It’s that, “oh shoot, honey, do we still have those in our strong box” kind of investment: Yes, I’m talking about savings bonds. You likely stashed them away for your kids 15 years ago, and if you’re like many families, you may have forgot about them entirely. But if your kids are now in college, it may be time to take a trip down to the cellar to dust them off.
If you don’t know what I’m talking about, government Series EE bonds are low risk savings products that pay interest until they reach 30 years of age or you cash them, whatever comes first. The major draw is that series EE bonds are guaranteed to double in value if they are kept for 20 years. This means that the $500 bond that your great Aunt Sally purchased in 2001 for your child is now redeemable for $1,000.
The other less popular savings bond option are Series I savings bonds. These bonds are inflation-adjusted and also pay interest until they reach 30 years of age. Series I bonds are not guaranteed to double in value, as they are only adjusted for inflation as measured by the Consumer Price Index, semiannually.
In most cases, the interest earned on Series EE and I bonds grows tax-deferred, meaning that the taxation on the interest accrued on the bond is due in the tax year that it is cashed in. As a bond issued from the federal government, the interest is exempt from state and local taxes but typically subject to federal taxation when redeemed. The exception to this is that interest on Series EE and I savings bonds may be tax free if used to help pay for college.
This is the reason why now may be the perfect time to redeem these bonds. The interest savings on cashing in these bonds can be substantial. Take for example a family with $5,000 in Series EE or I savings bonds. Assuming the bonds have been held for 20 years, $2,500 in interest will be taxable in the year that they are redeemed. If this family is in the 24% marginal tax bracket, they can save $600 by using these bonds to help pay for college.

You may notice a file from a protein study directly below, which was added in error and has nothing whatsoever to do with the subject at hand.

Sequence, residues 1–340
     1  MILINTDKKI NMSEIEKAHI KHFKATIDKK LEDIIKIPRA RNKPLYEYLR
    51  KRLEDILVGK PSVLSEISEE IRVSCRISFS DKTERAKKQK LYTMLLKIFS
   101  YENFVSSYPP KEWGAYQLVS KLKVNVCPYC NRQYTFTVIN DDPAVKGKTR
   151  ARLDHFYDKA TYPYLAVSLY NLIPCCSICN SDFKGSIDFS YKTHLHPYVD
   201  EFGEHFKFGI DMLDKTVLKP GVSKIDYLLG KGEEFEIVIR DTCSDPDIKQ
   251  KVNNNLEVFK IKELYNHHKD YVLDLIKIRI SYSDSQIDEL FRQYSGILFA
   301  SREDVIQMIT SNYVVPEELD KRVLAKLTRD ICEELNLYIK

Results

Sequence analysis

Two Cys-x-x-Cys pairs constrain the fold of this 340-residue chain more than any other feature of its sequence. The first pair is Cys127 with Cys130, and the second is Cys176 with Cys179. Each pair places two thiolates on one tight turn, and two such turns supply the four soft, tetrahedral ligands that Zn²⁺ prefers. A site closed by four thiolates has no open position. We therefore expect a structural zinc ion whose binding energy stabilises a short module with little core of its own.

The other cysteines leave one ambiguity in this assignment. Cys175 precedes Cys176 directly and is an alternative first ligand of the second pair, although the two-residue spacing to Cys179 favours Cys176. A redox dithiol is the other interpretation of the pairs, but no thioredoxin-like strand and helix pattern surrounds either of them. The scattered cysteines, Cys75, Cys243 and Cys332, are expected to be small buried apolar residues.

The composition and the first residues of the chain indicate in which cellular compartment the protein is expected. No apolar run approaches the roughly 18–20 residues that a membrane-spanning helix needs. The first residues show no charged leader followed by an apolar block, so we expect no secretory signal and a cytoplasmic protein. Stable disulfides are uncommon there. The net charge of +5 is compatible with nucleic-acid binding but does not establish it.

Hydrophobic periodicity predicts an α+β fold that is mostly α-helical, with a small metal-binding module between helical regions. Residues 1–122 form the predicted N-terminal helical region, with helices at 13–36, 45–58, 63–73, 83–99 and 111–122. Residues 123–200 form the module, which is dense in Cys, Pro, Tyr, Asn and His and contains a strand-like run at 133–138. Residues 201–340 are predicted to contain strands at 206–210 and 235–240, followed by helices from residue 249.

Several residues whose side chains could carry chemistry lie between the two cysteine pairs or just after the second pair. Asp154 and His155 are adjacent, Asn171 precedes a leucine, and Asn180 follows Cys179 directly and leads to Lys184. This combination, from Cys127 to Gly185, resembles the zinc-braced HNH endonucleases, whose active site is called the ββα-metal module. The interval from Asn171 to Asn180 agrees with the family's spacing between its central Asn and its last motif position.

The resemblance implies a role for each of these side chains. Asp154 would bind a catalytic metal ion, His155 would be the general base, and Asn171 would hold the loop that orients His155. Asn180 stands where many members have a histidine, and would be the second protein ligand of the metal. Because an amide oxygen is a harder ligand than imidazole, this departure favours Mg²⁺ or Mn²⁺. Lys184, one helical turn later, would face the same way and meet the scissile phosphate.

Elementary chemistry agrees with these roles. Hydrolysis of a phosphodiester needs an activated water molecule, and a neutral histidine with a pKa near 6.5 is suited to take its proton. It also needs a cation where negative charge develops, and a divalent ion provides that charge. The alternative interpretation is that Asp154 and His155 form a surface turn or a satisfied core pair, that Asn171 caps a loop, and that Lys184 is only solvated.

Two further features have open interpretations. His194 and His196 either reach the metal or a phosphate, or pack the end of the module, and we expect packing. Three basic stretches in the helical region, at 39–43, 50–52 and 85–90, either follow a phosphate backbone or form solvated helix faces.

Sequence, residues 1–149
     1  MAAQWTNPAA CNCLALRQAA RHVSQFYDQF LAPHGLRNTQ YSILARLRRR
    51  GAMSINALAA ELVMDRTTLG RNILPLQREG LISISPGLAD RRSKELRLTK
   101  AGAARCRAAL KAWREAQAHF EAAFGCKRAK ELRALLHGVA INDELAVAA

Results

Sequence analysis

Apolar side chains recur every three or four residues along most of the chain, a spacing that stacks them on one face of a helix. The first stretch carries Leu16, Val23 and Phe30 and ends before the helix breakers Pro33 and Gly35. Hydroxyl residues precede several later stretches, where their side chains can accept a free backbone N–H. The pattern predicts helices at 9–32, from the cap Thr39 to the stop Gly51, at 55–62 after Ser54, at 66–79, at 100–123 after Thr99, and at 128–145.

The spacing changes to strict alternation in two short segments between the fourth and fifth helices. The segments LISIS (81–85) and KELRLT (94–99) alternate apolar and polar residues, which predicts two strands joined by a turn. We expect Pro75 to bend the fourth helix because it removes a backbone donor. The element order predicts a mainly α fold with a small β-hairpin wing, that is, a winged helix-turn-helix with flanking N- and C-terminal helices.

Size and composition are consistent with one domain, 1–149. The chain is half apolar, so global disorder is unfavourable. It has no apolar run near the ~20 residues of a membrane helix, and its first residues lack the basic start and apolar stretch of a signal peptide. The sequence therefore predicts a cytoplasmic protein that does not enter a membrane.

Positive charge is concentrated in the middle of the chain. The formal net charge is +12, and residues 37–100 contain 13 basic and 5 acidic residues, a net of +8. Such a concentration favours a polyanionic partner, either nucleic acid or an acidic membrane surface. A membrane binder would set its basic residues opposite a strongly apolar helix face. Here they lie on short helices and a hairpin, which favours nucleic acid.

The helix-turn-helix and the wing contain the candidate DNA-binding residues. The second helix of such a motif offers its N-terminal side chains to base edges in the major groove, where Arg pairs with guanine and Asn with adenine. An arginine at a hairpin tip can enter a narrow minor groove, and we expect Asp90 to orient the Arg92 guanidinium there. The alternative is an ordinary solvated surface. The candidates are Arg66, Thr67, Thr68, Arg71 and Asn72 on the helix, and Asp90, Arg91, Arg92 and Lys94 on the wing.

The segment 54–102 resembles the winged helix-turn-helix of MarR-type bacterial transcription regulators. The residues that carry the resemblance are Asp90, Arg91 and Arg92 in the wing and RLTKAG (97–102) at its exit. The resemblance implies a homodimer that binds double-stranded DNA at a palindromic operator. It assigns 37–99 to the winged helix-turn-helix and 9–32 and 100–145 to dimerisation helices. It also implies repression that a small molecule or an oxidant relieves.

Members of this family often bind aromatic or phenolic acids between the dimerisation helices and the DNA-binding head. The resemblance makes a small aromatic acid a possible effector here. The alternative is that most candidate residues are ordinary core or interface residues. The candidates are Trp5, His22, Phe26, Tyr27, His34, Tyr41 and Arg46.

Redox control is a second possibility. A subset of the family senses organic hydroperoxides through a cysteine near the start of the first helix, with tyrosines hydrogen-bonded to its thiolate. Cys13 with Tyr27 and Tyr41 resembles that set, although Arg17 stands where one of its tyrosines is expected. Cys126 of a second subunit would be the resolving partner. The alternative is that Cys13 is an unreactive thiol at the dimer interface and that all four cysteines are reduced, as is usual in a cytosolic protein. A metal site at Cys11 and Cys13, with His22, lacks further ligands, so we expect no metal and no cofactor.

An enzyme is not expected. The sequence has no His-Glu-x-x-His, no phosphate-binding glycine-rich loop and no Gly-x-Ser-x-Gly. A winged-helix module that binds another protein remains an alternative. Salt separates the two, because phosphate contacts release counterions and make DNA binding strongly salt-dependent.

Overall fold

To qualify for the federal tax exclusion, fill out Form 8815, and attach it to your tax return for the year in which the savings bonds were redeemed. Not all families will qualify for the exclusion, learn more about the requirements at the Treasury Direct site.
If you’re looking for a tax-efficient way to reduce the cost of college, savings bonds may be a good solution. For questions about how savings bonds can fit into your child’s college financing plan, feel free to reach out. I’m here to help!
All the best,
Andrew Holmes, Certified College Planning Specialist™
Financial Planning Solutions, LLC (FPS) is a Registered Investment Advisor. Financial Planning Solutions, LLC (FPS) provides this blog for informational and educational purposes only. Nothing in this blog should be considered investment, tax, or legal advice. FPS only renders personalized advice to each client. Information herein includes opinions and source information that is believed to be reliable. However, such information may not be independently verified by FPS. Please see important disclosures link at the bottom of this page.
 Certain requirements must be met in order for the savings bond interest to be tax-free.